The new Lite version of Tikka's "go-to" fox and deer rifle features some improvements that impressed Bruce Potts, who found it hard to fault
I tested the stainless steel .243 version of this new model of the iconic Tikka last year when it was launched but I wanted to test the entry-level version, too, which is, let’s face it, the industry standard when it comes to a fox/deer rifle. If you have £1,000 in your pocket, the new X version of the Tikka T3 rifle is a no-brainer.
A dependable “go to” rifle
Tikka has the kind of heritage not only in manufacture but also in durability that makes it the dependable “go to” rifle because you know it just works. This is why it is so popular with professional deer managers, estate managers, keepers, rangers and sportsmen alike.
The test rifle was chambered in one of my favourite cartridges, the .222 Remington, which transcends the boundaries of its origins as a target and benchrest round to being a great vermin-come-fox-and-small-species deer calibre. I have used a Sako .222 Rem extensively for roe in Scotland where that cartridge is legal for roe deer.
The T3X is available in many guises, including stainless steel, a laminated stock, tactical and heavy-barrelled; the Lite is a synthetically stocked, blued steel sporting rifle.
The blued steel version still uses the chromium-molybdenum steel in the barrel construction, which is cold hammer forged, and has a deep and even, semi-matt blued finish, which is ideal for subdued light reflection. It is Sporter-profiled for a lighter weight and this, of course, helps in keeping the overall weight down when a scope and moderator are fitted. It comes threaded with a metric M14-1 pitch. Tikka takes pride in individually crowning the muzzles of each rifle, which ensures that a bullet’s exit from the barrel is perfectly concentric to aid accuracy.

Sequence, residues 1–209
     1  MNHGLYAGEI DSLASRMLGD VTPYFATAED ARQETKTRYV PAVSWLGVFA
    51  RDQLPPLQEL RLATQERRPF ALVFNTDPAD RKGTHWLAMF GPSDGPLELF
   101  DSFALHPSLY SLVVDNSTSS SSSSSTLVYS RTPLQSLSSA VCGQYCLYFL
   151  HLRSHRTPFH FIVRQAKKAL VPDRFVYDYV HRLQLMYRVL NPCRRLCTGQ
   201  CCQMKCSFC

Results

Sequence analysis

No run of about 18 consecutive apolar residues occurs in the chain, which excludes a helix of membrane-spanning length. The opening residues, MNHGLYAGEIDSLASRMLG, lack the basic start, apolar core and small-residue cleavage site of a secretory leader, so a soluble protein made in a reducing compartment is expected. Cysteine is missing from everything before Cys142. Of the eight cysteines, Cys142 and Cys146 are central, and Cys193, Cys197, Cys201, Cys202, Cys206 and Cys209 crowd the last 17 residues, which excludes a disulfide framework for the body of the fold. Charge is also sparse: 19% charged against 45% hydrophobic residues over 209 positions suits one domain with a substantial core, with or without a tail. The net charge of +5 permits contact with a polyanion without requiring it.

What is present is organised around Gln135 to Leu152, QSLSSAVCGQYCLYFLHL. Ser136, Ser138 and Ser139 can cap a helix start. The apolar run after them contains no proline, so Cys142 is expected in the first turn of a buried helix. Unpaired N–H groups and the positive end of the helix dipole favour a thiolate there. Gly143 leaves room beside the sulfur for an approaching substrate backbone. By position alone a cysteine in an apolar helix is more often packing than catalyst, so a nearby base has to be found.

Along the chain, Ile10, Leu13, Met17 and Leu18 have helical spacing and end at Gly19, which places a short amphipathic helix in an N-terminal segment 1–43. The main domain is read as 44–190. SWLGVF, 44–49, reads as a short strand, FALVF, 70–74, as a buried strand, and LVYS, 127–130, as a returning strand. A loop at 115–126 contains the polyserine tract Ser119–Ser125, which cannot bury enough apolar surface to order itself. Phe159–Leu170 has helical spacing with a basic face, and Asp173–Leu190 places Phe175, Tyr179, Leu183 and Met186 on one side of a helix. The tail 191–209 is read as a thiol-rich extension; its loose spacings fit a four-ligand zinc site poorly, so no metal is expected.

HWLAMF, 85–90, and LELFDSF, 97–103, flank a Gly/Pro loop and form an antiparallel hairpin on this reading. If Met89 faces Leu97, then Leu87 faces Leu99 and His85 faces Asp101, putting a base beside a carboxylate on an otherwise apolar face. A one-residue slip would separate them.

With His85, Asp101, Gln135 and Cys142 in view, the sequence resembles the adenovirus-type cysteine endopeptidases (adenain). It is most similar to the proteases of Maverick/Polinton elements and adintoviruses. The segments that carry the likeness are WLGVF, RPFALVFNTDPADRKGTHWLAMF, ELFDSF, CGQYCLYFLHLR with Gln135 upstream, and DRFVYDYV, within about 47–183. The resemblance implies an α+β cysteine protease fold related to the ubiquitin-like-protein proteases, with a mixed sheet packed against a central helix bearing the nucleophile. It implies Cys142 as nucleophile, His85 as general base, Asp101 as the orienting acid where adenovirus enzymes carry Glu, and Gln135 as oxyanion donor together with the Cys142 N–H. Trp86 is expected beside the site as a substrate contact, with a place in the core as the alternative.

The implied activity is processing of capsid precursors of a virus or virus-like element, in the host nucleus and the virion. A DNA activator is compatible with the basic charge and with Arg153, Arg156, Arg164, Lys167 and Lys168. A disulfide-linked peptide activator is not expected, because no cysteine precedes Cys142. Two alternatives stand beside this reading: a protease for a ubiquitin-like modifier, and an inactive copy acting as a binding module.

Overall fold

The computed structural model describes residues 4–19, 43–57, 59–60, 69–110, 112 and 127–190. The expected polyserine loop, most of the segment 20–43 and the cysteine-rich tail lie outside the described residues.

What can be said that has not been said a thousand times before with the Tikka T3? This Scandinavian sporting…
This model Lite comes with a 20in-barrel length — ideal when a sound moderator is fitted as the overall length of the rifle at 40½in is not increased greatly. It came chambered in .222 Rem, which is a darling of a cartridge that has become overshadowed by the larger .223 Rem case. Here you have button-rifled rifling that has a 1-in-12in twist rate to accommodate up to 55-gr or 60-gr bullet weights and six-grooved rifling that together add to the bullet’s stability. It is free-floated for three quarters of its length, so you now have a one minute of angle (MOA) accuracy guarantee.
The action on the Tikka has always been its strong point and it is still one of the smoothest actions on the market in its price range. The all-steel action uses a separate recoil lug union to secure the barrelled action to the stock for a solid bed. This steel lug is set into the synthetic stock forward of the front stock screw and this locates into a recess slot in the receiver bottom. There is no pillar or synthetic bedding material but the floorplate does have steel washer inserts to the stock screwholes to ensure a non-crush, even tension — again, all helping in maintaining a solid action.